"The mind is a compact, multiply connected thought mass with internal connections of the most intimate kind. It grows continuously as new thought masses enter it, and this is the means by which it continues to develop."

Bernhard Riemann On Psychology and Metaphysics ca. 1860

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Saturday, March 19, 2016

The Mind Is Not a Computer

The incessant popularization of the dogma of so-called computer scientists and neuro-biologists alike that intelligence is just the product of electro-chemical signals is simply put insane. The wretched ontology of this is merely a "modernist" rehashing of the "school" of the British radical empiricism of Locke, et al. that Leibniz devastatingly refuted point by point in his wonderful expose New Essays on Human Understanding

The problem is that today's supposed "scientific method" is also based upon this sort of nominalist drivel. To hysterically believe that the uniquely human mind is merely an assorted aggregation of a computer-like code of ones and zeros is anathema to the rightful perspective of our qualitatively unique position in the ongoing composition of universal development. It is amazing frankly that given such an overarching debilitating and insidious epistemology controlling most academic institutions that we have yet to exterminate ourselves. 

Thus do higher institutions of learning produce labile donkeys as this excellent cartoon ironically lampoons. 

Goya: Asta Su Abelo

2 comments:

  1. Seems like you're claiming something absurd. The human body is comprised solely of chemicals (atoms and compounds) and electrical signals are charges associated with those chemicals. As far as we can understand, the entire world as it regards the human ranges from quantum to the molecular to the cellular to the organism to the external environment. From your cartoonish assinine comments, it seems that your view of intelligence is something that is external to the human. If so, why cannot it be detected by scientific means? Even the religious are not quick to ascribe the seat of intelligence to the soul. Just because we can't understand something doesn't mean we have to be stubborn and believe it cannot be true. Just because Aristotle believed that the heart was the cause of intelligence (and the brain was just for cooling the blood) doesn't mean that the brain cannot have the prime responsibility of thought. How do you explain that distinct areas of the cortex are activated in the execution of specific tasks? Bizarre blog post. Thanks for the laugh!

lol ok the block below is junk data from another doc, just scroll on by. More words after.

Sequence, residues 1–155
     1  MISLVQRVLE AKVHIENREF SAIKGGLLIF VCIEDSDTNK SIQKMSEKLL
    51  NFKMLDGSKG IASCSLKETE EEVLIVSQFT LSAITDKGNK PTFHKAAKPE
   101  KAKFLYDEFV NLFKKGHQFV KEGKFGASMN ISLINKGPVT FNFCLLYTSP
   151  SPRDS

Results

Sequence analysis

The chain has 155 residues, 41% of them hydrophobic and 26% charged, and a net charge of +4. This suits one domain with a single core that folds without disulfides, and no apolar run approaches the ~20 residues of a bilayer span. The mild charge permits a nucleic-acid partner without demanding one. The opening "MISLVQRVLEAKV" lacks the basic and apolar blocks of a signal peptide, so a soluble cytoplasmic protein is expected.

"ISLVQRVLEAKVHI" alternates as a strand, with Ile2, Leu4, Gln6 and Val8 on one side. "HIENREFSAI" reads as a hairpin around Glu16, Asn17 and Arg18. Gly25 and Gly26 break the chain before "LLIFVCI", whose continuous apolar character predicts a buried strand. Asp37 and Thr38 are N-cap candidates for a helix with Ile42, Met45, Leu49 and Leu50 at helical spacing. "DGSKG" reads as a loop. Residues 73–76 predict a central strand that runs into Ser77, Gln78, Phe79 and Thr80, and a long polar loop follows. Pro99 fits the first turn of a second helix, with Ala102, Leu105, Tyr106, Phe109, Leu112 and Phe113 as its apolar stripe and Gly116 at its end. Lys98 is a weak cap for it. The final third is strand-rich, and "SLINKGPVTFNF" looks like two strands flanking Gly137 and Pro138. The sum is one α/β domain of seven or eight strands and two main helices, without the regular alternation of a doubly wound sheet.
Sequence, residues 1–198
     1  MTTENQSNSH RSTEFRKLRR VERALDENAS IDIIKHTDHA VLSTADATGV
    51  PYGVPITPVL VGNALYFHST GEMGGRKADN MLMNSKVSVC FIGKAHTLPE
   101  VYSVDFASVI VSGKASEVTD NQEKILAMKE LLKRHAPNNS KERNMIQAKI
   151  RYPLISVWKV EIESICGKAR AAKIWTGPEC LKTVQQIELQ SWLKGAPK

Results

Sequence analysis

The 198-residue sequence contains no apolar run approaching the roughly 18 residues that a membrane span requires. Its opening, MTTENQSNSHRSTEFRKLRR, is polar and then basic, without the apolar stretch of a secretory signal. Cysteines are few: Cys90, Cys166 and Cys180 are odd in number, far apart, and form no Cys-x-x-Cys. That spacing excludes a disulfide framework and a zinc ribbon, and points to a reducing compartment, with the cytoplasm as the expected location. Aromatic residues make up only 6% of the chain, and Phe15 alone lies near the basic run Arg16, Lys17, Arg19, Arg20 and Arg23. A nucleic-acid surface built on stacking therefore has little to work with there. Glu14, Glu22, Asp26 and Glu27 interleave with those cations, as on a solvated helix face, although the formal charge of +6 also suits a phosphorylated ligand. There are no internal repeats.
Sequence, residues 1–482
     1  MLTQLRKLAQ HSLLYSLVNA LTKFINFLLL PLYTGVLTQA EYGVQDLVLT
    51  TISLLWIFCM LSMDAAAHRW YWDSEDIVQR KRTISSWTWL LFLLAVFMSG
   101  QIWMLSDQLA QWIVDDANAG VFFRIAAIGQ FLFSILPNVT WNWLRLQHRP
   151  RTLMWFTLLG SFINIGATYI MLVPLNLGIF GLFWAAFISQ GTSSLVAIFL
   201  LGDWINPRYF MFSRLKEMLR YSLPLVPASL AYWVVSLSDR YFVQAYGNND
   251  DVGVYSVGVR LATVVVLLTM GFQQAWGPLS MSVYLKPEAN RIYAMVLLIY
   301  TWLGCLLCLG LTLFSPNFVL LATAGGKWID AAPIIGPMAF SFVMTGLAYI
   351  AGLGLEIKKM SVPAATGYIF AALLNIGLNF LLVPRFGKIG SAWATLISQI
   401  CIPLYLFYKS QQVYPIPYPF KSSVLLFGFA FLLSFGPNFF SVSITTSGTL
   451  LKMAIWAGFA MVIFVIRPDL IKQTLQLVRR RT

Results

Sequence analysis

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  2. I really cannot do better than to display your comment re "cartoonish assinine (sic)comments" beneath Goya's wonderful cartoon of the (de)generation of asses. Indeed, I'm sure some will wonder if I had written the reply myself as a diddle.

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